On remand, Merck again moved for dismissal of Plaintiffs' state-law claims, arguing for the first time that SLUSA precluded them because the class actions and the opt-out suits were "joined, consolidated, or otherwise proceed[ing] as a single action for any purpose." 15 U.S.C. § 78bb(f)(5)(B)(ii)(II).[2] In its opinion, the District Court recognized that Merck's argument "tests the limits of SLUSA's preclusive scope" and "it does not appear that any prior decision has addressed this issue." N. Sound Capital LLC v. Merck & Co., 314 F.Supp.3d 589, 601, 615 (D.N.J. 2018). Nevertheless, the District Court concluded that Plaintiffs' claims were barred under SLUSA because the "Individual Actions and the Vytorin Class Actions have proceeded as a single action." Id. at 619. Considering the statutory text, the District Court inferred that because Congress did not explicitly exempt opt-out suits from SLUSA, it necessarily "envisioned the aggregation of opt-out suits with related class actions" under SLUSA's mass-action provision. Id. at 605, 611. The District Court also concluded that SLUSA's legislative history required it to "construe the definition of a 'covered class action' broadly." Id. at 606 (citation omitted). And it relied on several district court decisions that, building upon each other, have espoused increasingly capacious interpretations of the mass-action provision. Id. at 606-19.

         These appeals followed.

         II. Discussion[3]

         In the wake of the Great Depression, Congress sought to "root out all manner of fraud" in securities by launching its "first experiment in federal regulation of the securities industry"-the Securities Act of 1933 and the Securities Exchange Act of 1934. Lorenzo v. SEC, 139 S.Ct. 1094, 1102, 1104 (2019) (quoting SEC v. Capital Gains Research Bureau, Inc., 375 U.S. 180, 198 (1963)). At the same time, Congress left undisturbed private remedies under state common law and so-called "blue-sky" laws. See Edgar v. MITE Corp., 457 U.S. 624, 641 (1982); 15 U.S.C. §§ 77p(a), 78bb(a). This dual system of remedies has persisted since then, allowing aggrieved investors generally to seek redress under both state and federal law.[4]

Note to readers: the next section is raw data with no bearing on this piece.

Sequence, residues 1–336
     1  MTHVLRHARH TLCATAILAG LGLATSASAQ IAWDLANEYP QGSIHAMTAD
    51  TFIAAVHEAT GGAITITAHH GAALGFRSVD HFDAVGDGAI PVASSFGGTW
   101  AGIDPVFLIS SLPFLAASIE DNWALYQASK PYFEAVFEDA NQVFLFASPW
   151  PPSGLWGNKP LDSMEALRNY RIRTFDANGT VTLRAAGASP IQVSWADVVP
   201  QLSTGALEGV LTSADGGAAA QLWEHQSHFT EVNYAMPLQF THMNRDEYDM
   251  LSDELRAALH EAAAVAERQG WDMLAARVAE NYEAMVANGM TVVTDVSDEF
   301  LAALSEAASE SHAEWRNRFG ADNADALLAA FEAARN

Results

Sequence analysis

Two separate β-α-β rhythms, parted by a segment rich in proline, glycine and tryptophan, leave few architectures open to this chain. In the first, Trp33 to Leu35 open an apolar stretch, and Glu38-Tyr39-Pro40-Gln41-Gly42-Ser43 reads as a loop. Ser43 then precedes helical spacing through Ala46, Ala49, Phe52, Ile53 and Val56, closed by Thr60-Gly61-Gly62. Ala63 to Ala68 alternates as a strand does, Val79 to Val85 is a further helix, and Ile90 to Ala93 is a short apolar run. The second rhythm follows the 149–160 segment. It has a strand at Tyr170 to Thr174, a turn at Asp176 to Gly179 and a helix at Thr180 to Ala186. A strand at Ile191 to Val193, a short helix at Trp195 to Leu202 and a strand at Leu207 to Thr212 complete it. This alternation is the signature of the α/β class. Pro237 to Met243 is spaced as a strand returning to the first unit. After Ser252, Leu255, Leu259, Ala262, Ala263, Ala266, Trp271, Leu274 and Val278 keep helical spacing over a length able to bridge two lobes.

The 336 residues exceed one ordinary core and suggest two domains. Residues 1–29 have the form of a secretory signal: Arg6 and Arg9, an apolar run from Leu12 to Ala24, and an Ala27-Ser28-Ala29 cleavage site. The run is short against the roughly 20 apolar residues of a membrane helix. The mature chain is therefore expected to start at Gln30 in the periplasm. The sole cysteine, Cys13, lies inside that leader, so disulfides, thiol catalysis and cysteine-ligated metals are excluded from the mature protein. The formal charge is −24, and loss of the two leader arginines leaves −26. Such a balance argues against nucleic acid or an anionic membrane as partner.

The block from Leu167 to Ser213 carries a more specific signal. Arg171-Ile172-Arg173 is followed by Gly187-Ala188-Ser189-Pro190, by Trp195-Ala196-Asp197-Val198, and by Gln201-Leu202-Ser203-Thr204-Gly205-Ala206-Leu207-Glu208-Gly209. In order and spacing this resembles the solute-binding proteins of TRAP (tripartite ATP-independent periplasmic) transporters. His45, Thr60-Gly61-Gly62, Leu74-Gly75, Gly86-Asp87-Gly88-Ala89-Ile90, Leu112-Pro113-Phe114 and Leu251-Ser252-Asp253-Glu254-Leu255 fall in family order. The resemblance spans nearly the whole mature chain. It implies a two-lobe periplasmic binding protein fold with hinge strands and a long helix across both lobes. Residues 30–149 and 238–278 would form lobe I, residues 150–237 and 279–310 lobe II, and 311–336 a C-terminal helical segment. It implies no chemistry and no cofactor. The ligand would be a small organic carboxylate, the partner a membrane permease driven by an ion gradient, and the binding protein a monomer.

Sixty years later, Congress revisited this dual system of remedies in the PSLRA, primarily to curb "perceived abuses of the class-action vehicle in litigation involving nationally traded securities." Cyan, Inc. v. Beaver Cty. Emps. Ret. Fund, 138 S.Ct. 1061, 1066 (2018) (quoting Merrill Lynch, Pierce, Fenner & Smith Inc. v. Dabit, 547 U.S. 71, 81 (2006)). Rather than proscribing private suits under the securities laws outright, the PSLRA includes a series of mechanisms to dismiss unsubstantiated suits without discovery, see 15 U.S.C. § 78u-4(b), impose sanctions for frivolous actions, see id. § 78u-4(c), create a safe-harbor for certain forward-looking statements, see id. § 78u-5, and ensure that responsible stakeholders maintain control over class-action litigation, see id. § 78u-4(a)(3). These provisions, however, govern only securities claims brought under federal law in federal court. 15 U.S.C. §§ 77z-1(a)(1), 78u-4(a)(1).